Proof of Gödel's Incompleteness Theorem

Kurt Gödel demonstrated that within any given branch of mathematics, there would always be some propositions that couldn't be proven either true or false using the rules and axioms of that mathematical branch itself. You might be able to prove every conceivable statement about numbers within a system by going outside the system in order to come up with new rules an axioms, but by doing so you'll only create a larger system with its own unprovable statements. The implication is that all logical system of any complexity are, by definition, incomplete; each of them contains, at any given time, more true statements than it can possibly prove according to its own defining set of rules.

  1. Someone introduces Gödel to a UTM, a machine that is supposed to be a Universal Truth Machine, capable of correctly answering any question at all.
  2. Gödel asks for the program and the circuit design of the UTM. The program may be complicated, but it can only be finitely long. Call the program P(UTM) for Program of the Universal Truth Machine.
  3. Smiling a little, Gödel writes out the following sentence: "The machine constructed on the basis of the program P(UTM) will never say that this sentence is true." Call this sentence G for Gödel. Note that G is equivalent to: "UTM will never say G is true."
  4. Now Gödel laughs his high laugh and asks UTM whether G is true or not.
  5. If UTM says G is true, then "UTM will never say G is true" is false. If "UTM will never say G is true" is false, then G is false (since G = "UTM will never say G is true"). So if UTM says G is true, then G is in fact false, and UTM has made a false statement. So UTM will never say that G is true, since UTM makes only true statements.
  6. We have established that UTM will never say G is true. So "UTM will never say G is true" is in fact a true statement. So G is true (since G = "UTM will never say G is true").
  7. "I know a truth that UTM can never utter," Gödel says. "I know that G is true. UTM is not truly universal."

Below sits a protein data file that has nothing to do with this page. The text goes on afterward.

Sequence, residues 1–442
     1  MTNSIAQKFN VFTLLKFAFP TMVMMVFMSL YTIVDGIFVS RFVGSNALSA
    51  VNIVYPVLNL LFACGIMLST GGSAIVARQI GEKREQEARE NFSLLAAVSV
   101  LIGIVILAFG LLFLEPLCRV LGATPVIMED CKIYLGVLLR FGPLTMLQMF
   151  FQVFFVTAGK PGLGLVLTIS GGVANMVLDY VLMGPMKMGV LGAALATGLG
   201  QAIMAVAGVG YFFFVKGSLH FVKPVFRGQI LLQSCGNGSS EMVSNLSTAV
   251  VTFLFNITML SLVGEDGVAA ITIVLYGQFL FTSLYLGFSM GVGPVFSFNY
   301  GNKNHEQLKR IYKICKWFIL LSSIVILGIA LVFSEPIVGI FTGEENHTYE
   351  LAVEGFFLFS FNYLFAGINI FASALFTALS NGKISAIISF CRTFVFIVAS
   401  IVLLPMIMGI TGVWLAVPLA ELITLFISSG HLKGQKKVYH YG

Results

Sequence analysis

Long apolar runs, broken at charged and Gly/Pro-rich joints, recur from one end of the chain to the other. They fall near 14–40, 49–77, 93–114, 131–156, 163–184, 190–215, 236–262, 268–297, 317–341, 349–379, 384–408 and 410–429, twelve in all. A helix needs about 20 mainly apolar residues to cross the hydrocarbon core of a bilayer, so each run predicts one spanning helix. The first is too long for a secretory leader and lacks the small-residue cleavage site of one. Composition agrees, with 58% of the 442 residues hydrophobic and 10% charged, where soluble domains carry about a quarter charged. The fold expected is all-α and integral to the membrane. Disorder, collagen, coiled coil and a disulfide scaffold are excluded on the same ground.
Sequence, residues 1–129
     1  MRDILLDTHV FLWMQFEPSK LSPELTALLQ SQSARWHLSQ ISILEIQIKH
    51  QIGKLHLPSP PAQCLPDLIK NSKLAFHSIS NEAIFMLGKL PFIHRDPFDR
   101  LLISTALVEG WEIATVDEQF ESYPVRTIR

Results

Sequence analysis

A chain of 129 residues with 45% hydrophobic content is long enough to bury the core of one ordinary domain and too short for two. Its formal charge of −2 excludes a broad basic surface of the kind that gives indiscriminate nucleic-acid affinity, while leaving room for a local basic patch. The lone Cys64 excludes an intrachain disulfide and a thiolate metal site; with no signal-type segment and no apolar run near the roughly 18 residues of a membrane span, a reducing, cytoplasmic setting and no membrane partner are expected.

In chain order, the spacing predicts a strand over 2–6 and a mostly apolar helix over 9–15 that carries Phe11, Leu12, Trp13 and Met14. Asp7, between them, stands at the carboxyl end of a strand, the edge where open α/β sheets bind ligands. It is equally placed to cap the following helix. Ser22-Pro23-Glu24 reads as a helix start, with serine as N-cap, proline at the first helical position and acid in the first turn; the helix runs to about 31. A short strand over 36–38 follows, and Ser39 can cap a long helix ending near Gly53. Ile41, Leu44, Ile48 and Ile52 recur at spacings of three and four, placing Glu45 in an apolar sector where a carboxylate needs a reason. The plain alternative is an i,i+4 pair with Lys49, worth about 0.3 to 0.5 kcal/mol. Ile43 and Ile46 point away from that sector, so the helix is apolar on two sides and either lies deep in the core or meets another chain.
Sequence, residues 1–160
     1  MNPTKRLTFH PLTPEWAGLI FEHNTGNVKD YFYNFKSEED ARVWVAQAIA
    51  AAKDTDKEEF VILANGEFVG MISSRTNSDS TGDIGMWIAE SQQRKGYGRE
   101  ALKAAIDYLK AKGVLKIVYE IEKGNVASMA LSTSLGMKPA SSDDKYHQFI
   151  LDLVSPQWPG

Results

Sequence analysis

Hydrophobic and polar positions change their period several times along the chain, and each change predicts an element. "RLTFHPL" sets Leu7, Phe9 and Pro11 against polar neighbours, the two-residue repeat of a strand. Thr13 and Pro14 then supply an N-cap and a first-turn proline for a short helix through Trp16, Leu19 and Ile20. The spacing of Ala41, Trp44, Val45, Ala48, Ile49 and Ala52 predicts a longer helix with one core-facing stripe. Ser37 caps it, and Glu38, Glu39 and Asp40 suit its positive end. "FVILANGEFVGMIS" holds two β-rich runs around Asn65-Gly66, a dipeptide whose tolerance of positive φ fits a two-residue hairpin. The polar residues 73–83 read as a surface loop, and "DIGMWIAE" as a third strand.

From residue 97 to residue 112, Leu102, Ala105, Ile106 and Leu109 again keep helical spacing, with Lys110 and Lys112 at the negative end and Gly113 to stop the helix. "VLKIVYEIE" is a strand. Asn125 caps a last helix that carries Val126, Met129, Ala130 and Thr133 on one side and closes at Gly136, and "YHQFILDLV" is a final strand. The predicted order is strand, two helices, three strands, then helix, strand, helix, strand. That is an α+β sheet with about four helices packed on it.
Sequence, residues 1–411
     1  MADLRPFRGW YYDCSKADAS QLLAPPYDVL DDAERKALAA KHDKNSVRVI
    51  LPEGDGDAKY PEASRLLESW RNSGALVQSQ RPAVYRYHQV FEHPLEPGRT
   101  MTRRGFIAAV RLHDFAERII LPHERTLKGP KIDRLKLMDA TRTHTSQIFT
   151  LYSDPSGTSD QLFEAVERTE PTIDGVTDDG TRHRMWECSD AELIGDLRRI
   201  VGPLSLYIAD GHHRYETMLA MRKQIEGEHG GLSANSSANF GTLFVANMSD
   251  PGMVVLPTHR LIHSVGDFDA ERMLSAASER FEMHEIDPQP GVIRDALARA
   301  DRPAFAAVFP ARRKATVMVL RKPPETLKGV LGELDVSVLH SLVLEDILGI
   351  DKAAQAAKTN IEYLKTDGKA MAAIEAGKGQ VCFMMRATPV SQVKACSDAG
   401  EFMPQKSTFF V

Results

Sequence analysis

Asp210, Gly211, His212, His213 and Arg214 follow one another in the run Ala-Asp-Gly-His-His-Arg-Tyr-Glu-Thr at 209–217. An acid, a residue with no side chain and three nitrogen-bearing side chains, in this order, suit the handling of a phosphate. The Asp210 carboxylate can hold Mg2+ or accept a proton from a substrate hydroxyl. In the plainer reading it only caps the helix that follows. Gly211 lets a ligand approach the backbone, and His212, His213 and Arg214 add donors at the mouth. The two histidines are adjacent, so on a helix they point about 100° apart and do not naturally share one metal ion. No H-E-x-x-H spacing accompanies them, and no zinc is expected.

Rucker, Infinity and the Mind.

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Mathematics and me

If you had been to university and attended a 3rd year physics course, I guess you would have stumbled over these 4 neat equations. For those of you who do not know them, they are Maxwell's equations (with the help of some other geniuses like Faraday, Gauss and Ampere). They look so simple, and are too (if you know the mathematics behind them). That is what makes them so beautiful. In four simple equations, one can in principle describe the whole of electrodynamics.

If you ever went through school and university, spending the better part of 16 years behind books studying, and then - after years and years of lectures on electrostatics, magnetism and optics - one day, the lecturer stops after having derived these four equations, you could begin hoping to understand the impact this had on me.

The day Professor Moraal from PU for CHE derived Maxwell's equations in front of me, I was totally stunned. 16 years worth of information contained in 4 equations so simple anyone can understand them (mathematically, not necessarily scientifically). They describe the electrical and magnetical fields in free space, and in essence contains everything you need to know to calculate the behavior of an electromagnetic field in free space.

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Deductive reasoning defined

Deductive reasoning refers to the process where one derives a conclusion (C) starting with a known (or assumed) set of premises (P). An example may illustrate this better:

P: Assume all men will die someday
P: Assume bin Laden is a man
C: bin Laden will die someday

This deductive step was based on the logical principle that if A implies B, and A is true, then B is true.

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